#8 Wright State (13-18, 7-11) at #5 Butler (18-13, 11-7)
College basketball is a game of history, exemplified by the stars of yesterday who set the bar for today's student athletes. Jon Teitel looks back at some of the forgotten (and not so forgotten) college basketball legends who made our game what it is today. Some of these names might bring back great memories, while others will mean nothing to you, but each of the player's below made an important mark on college basketball history.
Butler's run to the national title game early this month wasn't the first time that a member of the (now) Horizon League made a run on the game's biggest stage. The 1963 Loyola (Chicago) Ramblers were trendsetters long before we dealt with terms such as "BCS" and "mid-major". George Ireland's team was the first with a predominantly African-American starting lineup to win a national title, ending Cincinnati's reign in 1963. One of the stars for Loyola was Les "Big Game" Hunter, who CHN writer Jon Teitel interviewed a short time back.
Butler, with legitimate Elite Eight aspirations, should be the dominant force in the Horizon. An infusion of Juco talent and returning injured players should help the quality of play throughout the league.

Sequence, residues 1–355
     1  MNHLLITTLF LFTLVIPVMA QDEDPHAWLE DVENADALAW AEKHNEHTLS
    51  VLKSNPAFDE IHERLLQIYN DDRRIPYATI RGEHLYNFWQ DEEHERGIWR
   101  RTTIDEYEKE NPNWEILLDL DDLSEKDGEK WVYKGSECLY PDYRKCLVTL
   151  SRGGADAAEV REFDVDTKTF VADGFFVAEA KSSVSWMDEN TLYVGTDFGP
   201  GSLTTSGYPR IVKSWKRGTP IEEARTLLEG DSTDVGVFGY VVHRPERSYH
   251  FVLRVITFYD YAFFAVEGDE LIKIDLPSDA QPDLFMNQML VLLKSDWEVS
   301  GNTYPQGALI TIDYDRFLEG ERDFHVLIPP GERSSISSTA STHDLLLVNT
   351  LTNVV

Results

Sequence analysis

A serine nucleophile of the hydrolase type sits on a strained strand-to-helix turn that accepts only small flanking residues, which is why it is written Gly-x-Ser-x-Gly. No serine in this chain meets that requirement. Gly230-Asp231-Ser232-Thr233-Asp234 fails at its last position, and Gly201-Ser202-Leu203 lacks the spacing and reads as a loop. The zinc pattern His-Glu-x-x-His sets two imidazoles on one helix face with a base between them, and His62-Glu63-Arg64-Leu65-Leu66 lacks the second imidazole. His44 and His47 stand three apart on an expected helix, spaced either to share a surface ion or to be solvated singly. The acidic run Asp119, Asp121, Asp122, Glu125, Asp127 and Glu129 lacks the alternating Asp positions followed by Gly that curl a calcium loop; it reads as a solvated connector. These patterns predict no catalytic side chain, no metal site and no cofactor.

2009 Speedway Horizon League Men's Basketball Championship
Tuesday, March 3 / First Round / at campus sites
Game 1 - #10 Detroit at #3 Cleveland State, 7 p.m. ET (HLN)
Game 2 - #7 UIC at #6 Youngstown State, 7 p.m. ET (HLN)
Game 3 - #9 Valparaiso at #4 Wright State, 7 p.m. ET (HLN)
Game 4 - #8 Loyola at #5 Milwaukee, 8 p.m. ET (HLN)
DAYTON - Another day another defensive gem for the Wright State Raiders as they held Loyola to 29.4 percent shooting for the game and 15.4 percent in the second half to get a home court win 68-47.
The final score was not a true indication of how tight the game was until the end.